Rex P. Fennessey

Rex P. Fennessey Partner

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The Department of Labor’s New Salary Level is Out: What Employers Need to Know

The wait is over.  On March 7, 2019, the United States Department of Labor (DOL) issued its long-awaited proposed rule on the minimum salary for exempt executive, administrative and professional employees under the Fair Labor Standards Act (FLSA).  The proposed rule would replace the prior 2016 version which was enjoined by a federal judge in Texas just days before it was set to take effect, and which has been languishing in a federal appeals court ever since.

Although the rule is not finalized yet, employers now have a good idea of what to expect from this new DOL regulation.

The Basics

The so-called “white collar” exemptions – those for executive, administrative, and professional employees – are the most common exemption from the FLSA’s minimum wage and overtime requirements.  To claim the exemption, three criteria must be satisfied: (1) the employee performs exempt executive, administrative, or professional “duties” as defined by the regulations; (2) the employee is paid on a “salary basis” – that is, without reference to the quality or quantity of their work; and (3) the employee is paid at least the minimum weekly salary amount established by the DOL.  The proposed rule changes only the last of these requirements.

New Minimum Salary Threshold is $35,308 Per Year

The current salary minimum to claim these exemptions is $23,660 per year, the equivalent of $455 per week.  The new proposed minimum salary for these exemptions would raise the annual minimum salary to $35,308 per year, the equivalent to $679 per week.  This is significantly less than the $47,476 annual minimum ($913 per week) adopted by the Obama Administration’s 2016 rule.  Although the $35,308 annual minimum may change slightly in the proposed rule, the new minimum salary for these exemptions will almost certainly be in the mid-$35,000 range.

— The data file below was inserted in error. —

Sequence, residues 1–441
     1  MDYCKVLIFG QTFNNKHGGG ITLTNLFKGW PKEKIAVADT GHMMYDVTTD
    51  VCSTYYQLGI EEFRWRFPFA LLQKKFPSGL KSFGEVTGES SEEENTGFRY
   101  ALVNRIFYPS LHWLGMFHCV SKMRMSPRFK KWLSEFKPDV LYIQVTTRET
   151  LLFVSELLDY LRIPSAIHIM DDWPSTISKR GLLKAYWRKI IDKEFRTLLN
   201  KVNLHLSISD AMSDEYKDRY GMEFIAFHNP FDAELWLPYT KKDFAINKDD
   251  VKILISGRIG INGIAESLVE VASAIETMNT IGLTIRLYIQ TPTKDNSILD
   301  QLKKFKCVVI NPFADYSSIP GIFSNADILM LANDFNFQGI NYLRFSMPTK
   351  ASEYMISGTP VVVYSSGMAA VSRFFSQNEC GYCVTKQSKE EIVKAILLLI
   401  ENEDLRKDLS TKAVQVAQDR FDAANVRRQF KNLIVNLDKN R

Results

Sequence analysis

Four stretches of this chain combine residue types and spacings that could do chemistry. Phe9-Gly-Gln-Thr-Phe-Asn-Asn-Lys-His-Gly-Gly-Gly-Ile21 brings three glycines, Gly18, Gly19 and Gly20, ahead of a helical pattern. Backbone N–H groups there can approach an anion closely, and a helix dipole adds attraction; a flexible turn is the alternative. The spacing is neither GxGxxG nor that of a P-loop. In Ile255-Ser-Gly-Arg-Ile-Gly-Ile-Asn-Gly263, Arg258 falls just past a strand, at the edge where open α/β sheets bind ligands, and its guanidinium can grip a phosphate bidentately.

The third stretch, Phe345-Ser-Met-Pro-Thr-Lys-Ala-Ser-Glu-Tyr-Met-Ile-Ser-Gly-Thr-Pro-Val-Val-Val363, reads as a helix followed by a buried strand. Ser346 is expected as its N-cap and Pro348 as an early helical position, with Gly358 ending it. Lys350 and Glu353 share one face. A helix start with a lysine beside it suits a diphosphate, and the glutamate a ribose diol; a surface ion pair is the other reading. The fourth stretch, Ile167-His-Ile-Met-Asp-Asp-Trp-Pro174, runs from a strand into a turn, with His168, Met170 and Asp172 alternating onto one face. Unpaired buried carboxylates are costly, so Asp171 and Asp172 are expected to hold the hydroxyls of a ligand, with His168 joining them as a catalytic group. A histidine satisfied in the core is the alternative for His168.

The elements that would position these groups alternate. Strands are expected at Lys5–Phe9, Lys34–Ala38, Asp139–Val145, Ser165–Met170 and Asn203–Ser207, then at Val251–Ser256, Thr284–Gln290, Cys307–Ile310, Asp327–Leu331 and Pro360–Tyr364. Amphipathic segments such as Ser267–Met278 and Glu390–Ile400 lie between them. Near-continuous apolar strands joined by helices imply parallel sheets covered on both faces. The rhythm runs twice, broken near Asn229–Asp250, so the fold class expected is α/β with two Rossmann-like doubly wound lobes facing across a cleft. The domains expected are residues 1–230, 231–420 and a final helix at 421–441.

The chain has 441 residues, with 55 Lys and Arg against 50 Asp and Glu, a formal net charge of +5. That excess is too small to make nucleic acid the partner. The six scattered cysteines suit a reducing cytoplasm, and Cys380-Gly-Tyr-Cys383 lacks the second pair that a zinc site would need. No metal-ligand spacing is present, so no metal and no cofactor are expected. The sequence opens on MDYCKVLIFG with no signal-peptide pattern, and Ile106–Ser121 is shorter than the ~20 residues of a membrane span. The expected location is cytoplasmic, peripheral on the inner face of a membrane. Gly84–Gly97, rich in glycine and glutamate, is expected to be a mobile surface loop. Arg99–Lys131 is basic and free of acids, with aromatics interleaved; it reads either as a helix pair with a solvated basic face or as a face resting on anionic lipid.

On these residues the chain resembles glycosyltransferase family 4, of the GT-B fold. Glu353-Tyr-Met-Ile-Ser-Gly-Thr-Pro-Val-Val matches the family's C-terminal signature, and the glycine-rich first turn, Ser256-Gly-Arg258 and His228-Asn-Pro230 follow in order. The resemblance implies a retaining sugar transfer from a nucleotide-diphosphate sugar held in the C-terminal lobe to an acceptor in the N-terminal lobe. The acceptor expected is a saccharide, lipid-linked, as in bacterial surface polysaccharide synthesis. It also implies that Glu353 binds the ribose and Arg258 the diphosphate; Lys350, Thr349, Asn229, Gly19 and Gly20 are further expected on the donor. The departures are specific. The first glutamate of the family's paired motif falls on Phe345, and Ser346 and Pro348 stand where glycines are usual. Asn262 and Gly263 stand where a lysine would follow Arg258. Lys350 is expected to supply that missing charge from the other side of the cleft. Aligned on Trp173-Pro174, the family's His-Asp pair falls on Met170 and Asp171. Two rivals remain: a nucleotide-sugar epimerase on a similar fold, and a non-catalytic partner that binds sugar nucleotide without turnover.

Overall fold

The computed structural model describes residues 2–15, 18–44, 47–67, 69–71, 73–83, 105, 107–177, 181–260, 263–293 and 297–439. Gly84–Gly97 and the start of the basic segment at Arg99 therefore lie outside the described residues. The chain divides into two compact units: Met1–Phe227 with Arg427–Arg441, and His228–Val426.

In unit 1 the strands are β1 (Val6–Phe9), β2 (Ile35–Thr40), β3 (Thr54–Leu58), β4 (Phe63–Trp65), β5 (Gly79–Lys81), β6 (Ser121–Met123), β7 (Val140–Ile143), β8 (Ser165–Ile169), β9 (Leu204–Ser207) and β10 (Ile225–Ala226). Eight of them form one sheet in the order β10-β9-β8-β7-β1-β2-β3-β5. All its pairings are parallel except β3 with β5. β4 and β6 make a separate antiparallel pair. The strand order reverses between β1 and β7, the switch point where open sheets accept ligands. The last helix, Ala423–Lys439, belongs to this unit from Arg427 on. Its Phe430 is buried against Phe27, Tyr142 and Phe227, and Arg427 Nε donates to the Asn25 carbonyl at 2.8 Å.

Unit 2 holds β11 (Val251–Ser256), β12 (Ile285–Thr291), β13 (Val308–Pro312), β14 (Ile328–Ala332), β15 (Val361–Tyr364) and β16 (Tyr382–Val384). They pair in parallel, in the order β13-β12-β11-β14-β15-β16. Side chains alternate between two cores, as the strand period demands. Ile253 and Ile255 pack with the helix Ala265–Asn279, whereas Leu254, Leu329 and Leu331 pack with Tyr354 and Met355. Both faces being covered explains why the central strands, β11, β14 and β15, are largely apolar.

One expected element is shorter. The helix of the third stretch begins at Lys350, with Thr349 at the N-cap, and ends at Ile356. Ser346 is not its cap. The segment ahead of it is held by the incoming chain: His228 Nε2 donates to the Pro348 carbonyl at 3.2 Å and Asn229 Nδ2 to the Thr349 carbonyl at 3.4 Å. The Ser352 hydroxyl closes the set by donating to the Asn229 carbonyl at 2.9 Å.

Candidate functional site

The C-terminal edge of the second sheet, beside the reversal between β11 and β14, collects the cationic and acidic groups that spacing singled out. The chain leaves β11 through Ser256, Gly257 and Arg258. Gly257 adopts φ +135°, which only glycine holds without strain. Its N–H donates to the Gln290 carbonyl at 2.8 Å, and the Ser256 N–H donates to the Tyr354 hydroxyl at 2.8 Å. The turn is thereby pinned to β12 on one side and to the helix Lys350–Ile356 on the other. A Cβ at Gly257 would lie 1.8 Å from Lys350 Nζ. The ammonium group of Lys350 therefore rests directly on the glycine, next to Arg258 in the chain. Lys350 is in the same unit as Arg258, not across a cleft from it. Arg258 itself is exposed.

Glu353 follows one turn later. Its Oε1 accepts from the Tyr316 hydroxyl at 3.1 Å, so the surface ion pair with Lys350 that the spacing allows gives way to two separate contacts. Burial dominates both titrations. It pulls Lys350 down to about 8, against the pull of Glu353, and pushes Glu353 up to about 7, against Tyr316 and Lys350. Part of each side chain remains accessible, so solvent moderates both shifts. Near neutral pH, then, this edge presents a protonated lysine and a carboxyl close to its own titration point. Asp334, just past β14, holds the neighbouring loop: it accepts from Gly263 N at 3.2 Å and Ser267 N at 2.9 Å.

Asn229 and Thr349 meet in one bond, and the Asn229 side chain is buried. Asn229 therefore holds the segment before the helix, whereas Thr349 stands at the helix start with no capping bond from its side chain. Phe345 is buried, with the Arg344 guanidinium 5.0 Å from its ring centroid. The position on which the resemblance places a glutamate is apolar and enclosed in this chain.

Bonus, Incentive, and “Catch-up” Payments

The proposed rule has two new features relating to this salary minimum employers can welcome.  First, employers are permitted to “count nondiscretionary bonuses and incentive payments (including commissions) to satisfy up to 10 percent” of the new minimum salary amount, provided that such “bonuses are paid annually or more frequently.”

Second, the proposed rule permits employers to make “a final ‘catch-up’ payment within one pay period after the end of each 52-week period to bring an employee’s final compensation up to the required level.”  To take advantage of this “catch-up” rule, an employer must pay exempt executive, administrative and professional employees “90 percent of the standard salary level ($611.10 per week), and if at the end of the 52 week period the salary paid” plus eligible bonuses and incentives do not satisfy the annual minimum, the employer would be required to make up the shortfall in one pay period.  This new flexibility in meeting the minimum salary requirement for these exemptions will undoubtedly be welcome by many employers, especially those whose exempt employees are entitled to certain bonuses and commission payments.  But employers should be sure not to forget to “catch-up” or risk losing the ability to claim the exemption.